Seriously, how cool are they?! So I bought a ticket to the tour.
And a bunch of stuff in their shop. Including some posters of my own and a book on the shop’s history called Hatch Show Print: The Story of a Great American Poster Shop.
I got to go in the room with all the printers, but I heard them ask that visitors not take photos inside. So unfortunately I didn’t get any more photos of the print machines themselves. Boo hiss. I still had a great time and highly recommend visiting if you’re ever in Nashville.
Next, I went to an indie bookstore I’ve been excited about for years. Author Ann Patchett opened Parnassus Books in Nashville in 2011. I love bookstores that are owned (or co-owned in her case) by people who write and/or publish books since they tend to know very well how to woo fellow authors to town for events.
Parnassus isn’t like a lot of indie bookstores I’ve been to where it’s in an old charming building in a cute part of town. Parnassus is in a nondescript strip mall. A beige strip mall. Next to a Sherwin Williams. In the suburbs. I even got hustled in the parking lot to contribute money to a youth basketball team. I had my doubts.
But once inside, the place is impeccably chic. See for yourself!
Strip mall or not, I love any and every bookstore with a bookshelf sliding ladder. What I wouldn’t give to be able to fit one in my house.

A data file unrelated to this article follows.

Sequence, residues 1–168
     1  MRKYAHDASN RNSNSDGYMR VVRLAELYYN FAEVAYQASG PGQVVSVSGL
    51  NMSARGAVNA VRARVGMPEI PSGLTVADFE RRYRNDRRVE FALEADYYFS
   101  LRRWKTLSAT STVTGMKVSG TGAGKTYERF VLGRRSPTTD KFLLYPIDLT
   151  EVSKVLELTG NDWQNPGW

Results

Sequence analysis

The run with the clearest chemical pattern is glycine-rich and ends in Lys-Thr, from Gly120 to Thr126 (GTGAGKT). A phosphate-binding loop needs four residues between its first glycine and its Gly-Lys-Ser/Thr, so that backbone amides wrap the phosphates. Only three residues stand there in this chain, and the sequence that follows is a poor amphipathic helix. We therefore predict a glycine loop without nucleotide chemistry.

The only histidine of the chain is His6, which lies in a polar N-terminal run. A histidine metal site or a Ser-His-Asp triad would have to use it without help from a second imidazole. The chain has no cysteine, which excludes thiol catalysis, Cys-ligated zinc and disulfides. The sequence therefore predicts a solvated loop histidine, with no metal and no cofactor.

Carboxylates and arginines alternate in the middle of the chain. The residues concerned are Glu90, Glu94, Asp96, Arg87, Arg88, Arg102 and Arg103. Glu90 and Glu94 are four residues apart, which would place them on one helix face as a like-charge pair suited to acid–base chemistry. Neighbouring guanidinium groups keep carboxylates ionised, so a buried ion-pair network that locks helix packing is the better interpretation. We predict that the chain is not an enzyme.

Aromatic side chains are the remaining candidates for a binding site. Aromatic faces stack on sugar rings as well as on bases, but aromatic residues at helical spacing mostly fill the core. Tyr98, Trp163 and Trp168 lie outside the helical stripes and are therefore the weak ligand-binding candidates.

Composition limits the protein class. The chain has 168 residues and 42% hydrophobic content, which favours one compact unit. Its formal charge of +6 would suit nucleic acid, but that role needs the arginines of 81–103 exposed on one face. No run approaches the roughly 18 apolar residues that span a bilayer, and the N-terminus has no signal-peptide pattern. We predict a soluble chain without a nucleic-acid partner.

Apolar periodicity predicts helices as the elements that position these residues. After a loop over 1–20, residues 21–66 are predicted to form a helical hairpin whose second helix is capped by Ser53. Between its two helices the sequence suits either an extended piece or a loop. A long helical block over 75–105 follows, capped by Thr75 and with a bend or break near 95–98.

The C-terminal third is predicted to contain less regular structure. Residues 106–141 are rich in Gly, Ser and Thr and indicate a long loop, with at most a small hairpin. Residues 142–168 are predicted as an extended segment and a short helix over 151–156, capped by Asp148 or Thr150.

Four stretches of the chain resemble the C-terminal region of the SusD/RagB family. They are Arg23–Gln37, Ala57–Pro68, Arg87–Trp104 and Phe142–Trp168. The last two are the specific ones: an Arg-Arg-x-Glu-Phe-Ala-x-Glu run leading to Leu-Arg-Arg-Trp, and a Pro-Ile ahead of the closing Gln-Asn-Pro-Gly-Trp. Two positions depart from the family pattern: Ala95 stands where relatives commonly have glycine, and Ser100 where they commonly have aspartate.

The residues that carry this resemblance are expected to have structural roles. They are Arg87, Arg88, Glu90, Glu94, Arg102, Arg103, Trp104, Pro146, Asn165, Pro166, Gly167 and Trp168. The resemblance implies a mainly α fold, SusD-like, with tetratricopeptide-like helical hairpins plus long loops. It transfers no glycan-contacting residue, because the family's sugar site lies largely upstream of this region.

And how cute is the kids’ section?! The mini Greek column doorway drew me in, so I can only imagine how much kids love it.
There was also cool ceiling art.
They didn’t have the first book I wanted, but this cute little old man with a British accent was dedicated to helping me find something I’d like. I went with Atticus Finch: The Biography: Harper Lee, Her Father, and the Making of an American Icon by Joseph Crespino.
When I went to check out, the a kind bookseller/cashier lady told me more about the author. She’s fond of his work and one of their other booksellers was one of Joseph’s students at Emory University. She encouraged me to check out his TED Talk and was super helpful.
I should pause here to say that although I knew Parnassus Books was owned by Ann Patchett, it never occurred to me that I’d actually see her there. I’ve read two of her books, but her author photo apparently didn’t stick in my mind. And I’ve heard other book nerds say they’d gone to Parnassus hoping to meet her and didn’t since she’s usually writing and not always in the store.
It wasn’t until I got to my friend’s house several hours away and told her about how lovely Parnassus was that she asked if I’d seen Ann. I replied, “I don’t know what she looks like, so I wouldn’t know her if I saw her.” That was true because I’d seen her and truly didn’t know it was her!
My friend laughed and we joked about how I’m the worst book nerd ever. Though I own nearly all of her books, I would’ve bought one and asked her to sign it if I’d known it was her! I just have to laugh.
Now I want to hear from you! Do you have thoughts on Nashville or do you want to go visit now? Are there other literary things I missed? Tell me in the comments.